The Winners and Lessons of MMFF 2016

MMFF 2016 is about to come to a close. It's been a milestone year for the storied film festival as it returned to its roots of featuring top quality films. I can confidently say that, out of the last ten years I've been supporting the film festival, this year has been the best. Of course, such a historic year as this wouldn't be without a compelling narrative. So let's try to unpack MMFF 2016's narrative and figure out its winners and lessons.



What separates MMFF from other local film festivals is how its featured films are given wide and exclusive releases during the festival's duration. This has dire implications as it somehow assures finalists extra promotion, a wider audience reach and, possibly, more earnings. And no one needs that boost more than the upstart production companies. 

It's frustrating that for the last few years, most slots went to major production companies. Just take a look at the film line-ups of the previous three editions (201320142015). Five to six of the movies came from big film outfits. Do they really need the exclusive wide release given that these companies already have bigger budgets, bigger stars and bigger political clout with theater owners? If its any indication, Vice Ganda's rejected film Super Parental Guardians is the highest grossing Filipino film of all-time. Provincial theaters continued to show Super Parental Guardians, Vic Sotto's Enteng 10 and the Abangers and/or Mano Po 7: Chinoy even when the festival started. Again do they need to be part of the MMFF?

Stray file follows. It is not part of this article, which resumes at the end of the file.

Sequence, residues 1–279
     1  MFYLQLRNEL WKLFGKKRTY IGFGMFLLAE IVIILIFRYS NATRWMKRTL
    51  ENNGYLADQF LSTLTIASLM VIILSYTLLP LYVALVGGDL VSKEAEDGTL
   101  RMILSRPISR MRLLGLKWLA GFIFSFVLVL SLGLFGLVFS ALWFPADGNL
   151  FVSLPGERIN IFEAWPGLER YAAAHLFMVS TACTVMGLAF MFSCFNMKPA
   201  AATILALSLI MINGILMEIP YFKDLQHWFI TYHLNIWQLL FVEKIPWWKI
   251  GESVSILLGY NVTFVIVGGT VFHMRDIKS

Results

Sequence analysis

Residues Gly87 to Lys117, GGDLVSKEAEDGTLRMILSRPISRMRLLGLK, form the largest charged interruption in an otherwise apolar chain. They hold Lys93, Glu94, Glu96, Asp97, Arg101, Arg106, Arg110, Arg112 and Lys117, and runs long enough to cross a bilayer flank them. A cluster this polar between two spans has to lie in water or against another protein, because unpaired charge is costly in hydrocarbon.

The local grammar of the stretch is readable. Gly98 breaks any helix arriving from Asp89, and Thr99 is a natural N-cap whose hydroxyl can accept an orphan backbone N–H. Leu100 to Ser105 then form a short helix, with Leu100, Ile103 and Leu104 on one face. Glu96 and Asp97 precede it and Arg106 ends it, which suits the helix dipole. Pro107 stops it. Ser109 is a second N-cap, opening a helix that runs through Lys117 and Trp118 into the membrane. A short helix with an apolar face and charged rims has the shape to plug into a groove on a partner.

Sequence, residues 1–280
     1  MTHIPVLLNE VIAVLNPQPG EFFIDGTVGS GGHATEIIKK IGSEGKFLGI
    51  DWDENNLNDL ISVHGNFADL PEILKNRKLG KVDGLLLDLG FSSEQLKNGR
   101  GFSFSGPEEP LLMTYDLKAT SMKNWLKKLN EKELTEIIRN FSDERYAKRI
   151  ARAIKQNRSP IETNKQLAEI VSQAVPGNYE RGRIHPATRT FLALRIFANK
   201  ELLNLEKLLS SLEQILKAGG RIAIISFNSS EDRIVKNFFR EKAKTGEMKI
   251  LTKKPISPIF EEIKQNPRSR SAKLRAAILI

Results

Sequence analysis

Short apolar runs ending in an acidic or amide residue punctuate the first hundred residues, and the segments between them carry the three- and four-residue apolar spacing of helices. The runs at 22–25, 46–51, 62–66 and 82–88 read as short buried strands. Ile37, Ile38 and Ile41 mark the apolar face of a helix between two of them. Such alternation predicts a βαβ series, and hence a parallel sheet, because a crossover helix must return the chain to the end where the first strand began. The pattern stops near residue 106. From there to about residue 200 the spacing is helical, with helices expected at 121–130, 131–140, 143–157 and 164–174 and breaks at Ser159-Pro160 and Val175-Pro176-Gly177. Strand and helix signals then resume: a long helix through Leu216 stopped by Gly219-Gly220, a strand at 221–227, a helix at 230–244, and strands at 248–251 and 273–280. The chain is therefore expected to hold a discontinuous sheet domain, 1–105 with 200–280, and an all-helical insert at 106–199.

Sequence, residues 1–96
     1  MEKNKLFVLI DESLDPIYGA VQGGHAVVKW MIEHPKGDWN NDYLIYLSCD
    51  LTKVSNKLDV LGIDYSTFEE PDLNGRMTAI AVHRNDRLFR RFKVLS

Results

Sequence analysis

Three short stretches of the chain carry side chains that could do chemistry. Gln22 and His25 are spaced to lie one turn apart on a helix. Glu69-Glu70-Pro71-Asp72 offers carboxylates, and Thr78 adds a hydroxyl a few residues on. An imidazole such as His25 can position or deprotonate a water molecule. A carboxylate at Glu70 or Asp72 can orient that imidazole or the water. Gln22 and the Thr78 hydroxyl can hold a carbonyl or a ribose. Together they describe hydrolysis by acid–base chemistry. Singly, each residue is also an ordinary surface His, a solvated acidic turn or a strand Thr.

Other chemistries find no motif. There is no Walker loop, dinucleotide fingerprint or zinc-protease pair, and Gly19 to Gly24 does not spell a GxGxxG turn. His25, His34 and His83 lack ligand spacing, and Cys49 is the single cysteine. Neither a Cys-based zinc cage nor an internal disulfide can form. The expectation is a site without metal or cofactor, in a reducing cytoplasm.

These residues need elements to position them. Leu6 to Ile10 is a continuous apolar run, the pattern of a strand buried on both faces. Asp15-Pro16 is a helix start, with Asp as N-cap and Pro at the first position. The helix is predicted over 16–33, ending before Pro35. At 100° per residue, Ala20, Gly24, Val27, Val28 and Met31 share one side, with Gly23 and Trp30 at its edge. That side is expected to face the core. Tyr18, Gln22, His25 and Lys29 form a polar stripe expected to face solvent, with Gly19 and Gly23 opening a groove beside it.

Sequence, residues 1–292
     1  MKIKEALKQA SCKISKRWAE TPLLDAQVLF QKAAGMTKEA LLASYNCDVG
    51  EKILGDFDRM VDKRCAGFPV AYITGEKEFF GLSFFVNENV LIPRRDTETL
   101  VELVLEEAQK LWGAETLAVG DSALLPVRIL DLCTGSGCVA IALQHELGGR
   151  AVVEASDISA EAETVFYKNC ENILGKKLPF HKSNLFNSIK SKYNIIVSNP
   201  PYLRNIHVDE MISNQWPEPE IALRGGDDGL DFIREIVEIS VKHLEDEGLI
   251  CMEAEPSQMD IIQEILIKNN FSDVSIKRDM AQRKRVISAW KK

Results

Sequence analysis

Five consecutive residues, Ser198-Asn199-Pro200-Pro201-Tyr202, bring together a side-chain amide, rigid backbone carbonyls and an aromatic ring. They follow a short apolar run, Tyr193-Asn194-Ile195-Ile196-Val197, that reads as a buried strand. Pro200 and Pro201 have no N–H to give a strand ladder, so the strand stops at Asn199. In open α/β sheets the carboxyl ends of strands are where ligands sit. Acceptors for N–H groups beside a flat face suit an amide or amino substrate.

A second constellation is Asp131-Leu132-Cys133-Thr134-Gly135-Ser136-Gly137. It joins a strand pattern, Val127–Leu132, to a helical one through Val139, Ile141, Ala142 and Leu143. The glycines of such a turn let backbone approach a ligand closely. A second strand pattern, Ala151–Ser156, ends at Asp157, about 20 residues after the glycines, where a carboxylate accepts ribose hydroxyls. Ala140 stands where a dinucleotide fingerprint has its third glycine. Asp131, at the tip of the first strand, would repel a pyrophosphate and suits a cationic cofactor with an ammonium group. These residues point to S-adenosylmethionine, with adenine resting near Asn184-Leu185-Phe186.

I commend this year's executive committee for somehow balancing the scales and seriously considering the efforts of smaller production companies. If you check out this year's list of finalists, only Vince & Kath & James came from a major prod company. And it's not as if these small production companies are inexperienced and ill-deserving of their finals place. Have you watched or heard of Heneral Luna, On The Job and/or Ang Babae Sa Septic Tank? These cult hits of recent years were produced by TBA Productions, Reality Entertainment and Martinez Rivera Films respectively. And this year, these outfits took their opportunity and really showed the best that they could offer.